Yesterday, Judge Juan Merchan of the NY Supreme Court , trial division temporarily closed the court to the public by removing the press and jurors to address insolent behavior by a defense witness in Donald Trump's hush money state criminal case in NY.

A fierce debate has arisen among the media and on Twitter (differing opinions by the legal experts) on if and to what degree, this could be reversible structural error that Trump's defense could preserve for appeal.

The right of all criminal defendants to a public trial is guaranteed by the Sixth Amendment to the Constitution and applied to the states via the Fourteenth amendment due process clause. SCOTUS ruled in the 1984 case of Waller v. Georgia that a closure of court to the public can be constitutional only under the following circumstances:

  • the party seeking court closure must advance a vital interest, that in the absence of court closure, is likely to be prejudiced

  • the court closure scope and length can be no broader than needed to preserve that interest in aforementioned bullet point

  • the trial court must make adequate findings of fact to support closure of the court

  • the trial court must consider alternatives prior to closing the court to the public.

Preservation of judicial order and the court's authority would be a vital interest to safeguard against a potentially disruptive / prejudicial defense witness (Bob Costello).


Would the actions of Judge Juan Merchan under the court circumstances of yesterday meet the test SCOTUS set in Waller precedent so as to not create structural error, entitling Trump to automatic conviction reversal upon appeal?

  • "temporarily closed the court to the public". You really think closing the court for like 5 minutes meets the test for automatic conviction reversal? Commented May 21 at 22:34
  • 1
    Personally no, of course. But given the debate, I want some experts here to weigh in
    – Anthony
    Commented May 21 at 22:35
  • 2
    @BlueDogRanch Heckling the OP --especially from an uninformed perspective -- doesn't really advance the discussion. The number of minutes that pass during the closure is highly unlikely to be a particularly relevant consideration in the analysis.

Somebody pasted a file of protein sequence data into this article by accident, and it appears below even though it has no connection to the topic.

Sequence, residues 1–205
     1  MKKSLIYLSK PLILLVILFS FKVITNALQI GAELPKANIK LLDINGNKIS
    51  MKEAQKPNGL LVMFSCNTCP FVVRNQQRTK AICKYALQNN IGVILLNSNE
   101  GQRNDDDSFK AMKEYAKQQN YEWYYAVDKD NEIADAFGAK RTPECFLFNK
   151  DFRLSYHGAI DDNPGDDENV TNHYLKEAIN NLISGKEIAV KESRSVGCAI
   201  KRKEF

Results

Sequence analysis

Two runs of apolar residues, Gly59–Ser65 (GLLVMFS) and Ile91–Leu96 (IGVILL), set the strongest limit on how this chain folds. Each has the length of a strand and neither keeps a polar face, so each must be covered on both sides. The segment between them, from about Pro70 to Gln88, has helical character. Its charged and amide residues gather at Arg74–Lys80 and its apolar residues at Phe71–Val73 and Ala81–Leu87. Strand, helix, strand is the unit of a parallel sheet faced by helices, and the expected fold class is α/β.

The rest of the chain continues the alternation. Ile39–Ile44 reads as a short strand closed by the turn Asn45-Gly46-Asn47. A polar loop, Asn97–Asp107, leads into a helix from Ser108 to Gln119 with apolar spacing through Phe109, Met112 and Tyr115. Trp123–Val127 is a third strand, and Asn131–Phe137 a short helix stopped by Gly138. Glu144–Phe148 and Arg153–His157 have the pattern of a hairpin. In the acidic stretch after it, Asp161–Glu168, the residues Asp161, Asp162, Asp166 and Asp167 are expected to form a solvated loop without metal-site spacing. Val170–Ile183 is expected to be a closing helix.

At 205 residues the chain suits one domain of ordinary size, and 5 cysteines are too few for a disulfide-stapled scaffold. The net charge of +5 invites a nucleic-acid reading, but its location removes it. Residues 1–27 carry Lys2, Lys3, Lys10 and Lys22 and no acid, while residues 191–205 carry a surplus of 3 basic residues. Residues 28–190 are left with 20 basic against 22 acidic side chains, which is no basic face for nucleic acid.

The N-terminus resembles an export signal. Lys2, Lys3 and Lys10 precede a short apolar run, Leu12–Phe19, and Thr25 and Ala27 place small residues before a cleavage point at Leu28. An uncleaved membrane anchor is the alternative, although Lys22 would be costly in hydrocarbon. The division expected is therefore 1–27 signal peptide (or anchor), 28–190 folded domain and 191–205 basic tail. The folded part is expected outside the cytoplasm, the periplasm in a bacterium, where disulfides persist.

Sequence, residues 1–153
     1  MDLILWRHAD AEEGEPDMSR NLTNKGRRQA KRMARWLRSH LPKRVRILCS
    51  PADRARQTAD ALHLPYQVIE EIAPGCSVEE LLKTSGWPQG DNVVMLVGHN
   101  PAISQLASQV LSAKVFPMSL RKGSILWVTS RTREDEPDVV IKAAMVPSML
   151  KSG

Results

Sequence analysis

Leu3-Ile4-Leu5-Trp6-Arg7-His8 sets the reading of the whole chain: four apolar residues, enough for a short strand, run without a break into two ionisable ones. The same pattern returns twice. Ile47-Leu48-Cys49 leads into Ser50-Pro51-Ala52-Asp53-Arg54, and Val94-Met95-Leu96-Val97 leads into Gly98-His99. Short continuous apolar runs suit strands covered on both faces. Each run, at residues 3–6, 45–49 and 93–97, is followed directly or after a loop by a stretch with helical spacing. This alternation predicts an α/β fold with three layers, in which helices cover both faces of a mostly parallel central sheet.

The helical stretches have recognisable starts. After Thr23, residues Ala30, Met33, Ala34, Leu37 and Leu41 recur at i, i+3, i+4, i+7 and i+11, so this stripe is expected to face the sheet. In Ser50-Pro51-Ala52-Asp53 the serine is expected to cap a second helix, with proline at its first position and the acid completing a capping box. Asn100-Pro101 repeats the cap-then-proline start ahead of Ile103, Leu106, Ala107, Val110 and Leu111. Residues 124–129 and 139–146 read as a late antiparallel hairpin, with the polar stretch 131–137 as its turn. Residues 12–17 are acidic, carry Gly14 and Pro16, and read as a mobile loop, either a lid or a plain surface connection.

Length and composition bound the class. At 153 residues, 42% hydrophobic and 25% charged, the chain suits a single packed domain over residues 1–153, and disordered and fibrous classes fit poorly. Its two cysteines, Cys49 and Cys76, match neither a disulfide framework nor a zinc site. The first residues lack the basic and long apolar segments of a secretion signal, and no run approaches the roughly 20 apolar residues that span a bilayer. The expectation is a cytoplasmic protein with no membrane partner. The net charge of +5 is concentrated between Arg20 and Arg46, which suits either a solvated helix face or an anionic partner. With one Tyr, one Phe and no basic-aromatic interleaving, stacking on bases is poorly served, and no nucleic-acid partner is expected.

– bdb484
    Commented May 21 at 22:52
  • 2
    Having the judge rip into a defense witnesses behavior while the jury and media is in the room isn't going to hurt the defendant?
    – Joe W
    Commented May 22 at 0:03

1 Answer 1


Would the actions of Judge Juan Merchan under the court circumstances of yesterday meet the test SCOTUS set in Waller precedent so as to not create structural error, entitling Trump to automatic conviction reversal upon appeal?

A media account of this incident reveals that the court was closed sua sponte without any objections from either the prosecution or the defense, for a few minutes, during the testimony of a final witness, for the defense, who testified for less than an hour in the course of a trial that has had weeks of testimony. Neither the prosecution or the defense objected to any of the statements made by the court either.

It also appears that the transcript of the several minute long exchange involved was released publicly, so all that the public missed was the opportunity to witness live what happened for a few minutes that was publicly disclosed in a transcript the same day.

If this was erroneous at all, which I would tend to doubt, it would almost surely be harmless error. Indeed, it might have been error to chastise a defense witness in front of the jury (and the public) instead, because that might impair the credibility of the defense witness improperly.

The right in question is the Sixth Amendment right to a public trial (as incorporated by the due process clause of the Fourteenth Amendment to the U.S. Constitution).

In a case with exhaustive media coverage, a brief discussion of a single matter involving a single minor witness, without the public present, during which no court rulings were made and no testimony was taken or excluded, in the context of a multi-week trial with many witnesses and exhibits, would not generally constitute "structural error", even if closing the entire case or large portions of testimony would constitute structural error.

The fact that the court closed the courtroom sua sponte rather than at the request of the prosecution, is also relevant to whether the Waller test is actually the right test to apply. A slightly different test than the Waller test might be appropriate, since the Waller case involved a closure of the proceedings at the request of a party, not sua sponte by the court.

  • Appears to be the court's own volition , sua sponte for judge to address witness conduct
    – Anthony
    Commented May 21 at 22:45

You must log in to answer this question.

Not the answer you're looking for? Browse other questions tagged .